More than 50,000 people took to the streets of Sofia, the capital of Bulgaria, demanding political reform. In the biggest demonstration in the country's post-war history, protesters held up banners and chanted:
"We want democracy now."

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November 18, 1993

South Africa's ruling National Party, and leaders of 20 other parties representing both blacks and whites, approved a new national constitution that provided fundamental rights to blacks and other non-whites, ending the apartheid system. South Africa held its first democratic multi-racial election on April 26, 1994.

From the preamble: “WHEREAS there is a need to create a new order in which all South Africans will be entitled to a common South African citizenship in a sovereign and democratic constitutional state in which there is equality between men and women and people of all races so that all citizens shall be able to enjoy and exercise their fundamental rights and freedoms....”

South African citizens in line to vote.

Constitutional history of South Africa

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Wednes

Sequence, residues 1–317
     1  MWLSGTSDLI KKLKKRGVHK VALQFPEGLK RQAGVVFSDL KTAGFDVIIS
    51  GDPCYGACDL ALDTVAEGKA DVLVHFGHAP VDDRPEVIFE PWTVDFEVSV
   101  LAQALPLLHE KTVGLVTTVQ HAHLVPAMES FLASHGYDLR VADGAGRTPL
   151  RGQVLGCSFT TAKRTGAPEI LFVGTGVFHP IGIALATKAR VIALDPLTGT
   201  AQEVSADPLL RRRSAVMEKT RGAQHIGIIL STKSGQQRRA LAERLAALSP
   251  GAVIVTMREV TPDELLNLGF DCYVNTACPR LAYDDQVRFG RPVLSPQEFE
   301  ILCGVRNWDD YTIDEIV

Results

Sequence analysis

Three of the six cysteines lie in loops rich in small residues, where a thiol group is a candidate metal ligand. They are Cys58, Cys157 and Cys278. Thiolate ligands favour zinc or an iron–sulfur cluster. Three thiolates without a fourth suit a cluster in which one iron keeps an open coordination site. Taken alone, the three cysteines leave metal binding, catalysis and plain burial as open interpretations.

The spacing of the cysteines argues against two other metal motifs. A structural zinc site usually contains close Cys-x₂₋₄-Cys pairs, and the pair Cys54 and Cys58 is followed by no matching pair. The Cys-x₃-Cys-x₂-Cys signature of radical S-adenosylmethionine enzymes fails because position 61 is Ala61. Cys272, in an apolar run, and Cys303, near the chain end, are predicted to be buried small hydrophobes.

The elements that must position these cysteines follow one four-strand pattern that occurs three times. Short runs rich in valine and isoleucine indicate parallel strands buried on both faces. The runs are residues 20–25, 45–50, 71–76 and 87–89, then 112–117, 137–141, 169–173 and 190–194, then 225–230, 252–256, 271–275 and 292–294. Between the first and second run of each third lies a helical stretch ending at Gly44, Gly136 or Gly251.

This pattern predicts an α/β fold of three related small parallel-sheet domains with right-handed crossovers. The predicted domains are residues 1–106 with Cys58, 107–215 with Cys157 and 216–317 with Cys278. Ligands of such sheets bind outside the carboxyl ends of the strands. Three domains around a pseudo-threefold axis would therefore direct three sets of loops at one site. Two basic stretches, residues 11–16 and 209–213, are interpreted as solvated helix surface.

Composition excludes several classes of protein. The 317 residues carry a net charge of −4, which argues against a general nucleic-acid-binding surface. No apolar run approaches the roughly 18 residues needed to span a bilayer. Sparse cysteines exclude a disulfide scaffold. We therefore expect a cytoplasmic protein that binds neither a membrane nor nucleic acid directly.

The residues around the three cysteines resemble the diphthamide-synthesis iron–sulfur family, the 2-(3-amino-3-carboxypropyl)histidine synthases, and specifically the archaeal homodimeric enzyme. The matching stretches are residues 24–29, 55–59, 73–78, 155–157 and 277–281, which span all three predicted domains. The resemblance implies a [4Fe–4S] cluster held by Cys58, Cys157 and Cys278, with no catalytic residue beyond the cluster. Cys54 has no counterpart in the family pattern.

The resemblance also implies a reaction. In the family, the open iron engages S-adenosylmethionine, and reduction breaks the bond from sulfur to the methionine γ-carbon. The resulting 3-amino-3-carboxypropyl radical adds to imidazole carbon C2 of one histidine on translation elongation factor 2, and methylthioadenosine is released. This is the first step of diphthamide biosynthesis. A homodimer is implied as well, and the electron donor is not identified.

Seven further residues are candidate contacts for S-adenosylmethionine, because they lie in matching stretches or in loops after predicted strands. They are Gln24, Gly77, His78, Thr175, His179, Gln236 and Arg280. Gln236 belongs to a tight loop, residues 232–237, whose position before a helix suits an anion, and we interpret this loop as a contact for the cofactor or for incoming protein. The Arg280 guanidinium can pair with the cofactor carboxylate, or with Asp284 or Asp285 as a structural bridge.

day


November 19, 1915
Joe Hill, a labor organizer for the Industrial Workers of the World (IWW) was assassinated by firing squad in the courtyard of the Utah State Penitentiary in Salt Lake City.
The IWW, or Wobblies as they were know were advocates of organizing all workers into One Big Union. It is reported that Joe had been framed for murder by copper bosses, the press and government forces.
Just prior to his execution, as Joe stood before the firing squad he propelled himself him from organizer to labor martyrdom with these words: "Don't waste any time in mourning. Organize!"

Joe Hill: The Man Who Didn't Die

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Peace quote


"You will eat, bye and bye
In that glorious land above the sky
Work and Pray,
live on hay
You'll get pie in the sky when you die."
- Joe Hill






November 19, 1969

In an effort to undercut growing opposition to a draft made necessary by the Vietnam War, Congress passed a law requiring random selection of draftees through a lottery.
The Selective Service System would call up young men based upon their birthday, first with 19-year-olds and those with expired college deferments.




November 19, 1977

In an unprecedented move for an Arab leader, Egyptian President Anwar el-Sadat traveled to Israel to seek a permanent peace settlaement with Egypt's neighbor after decades of conflict. This action was extremely unpopular in the Arab World and especially among Muslim fundamentalists. Egypt and Israel had fought four wars since 1948.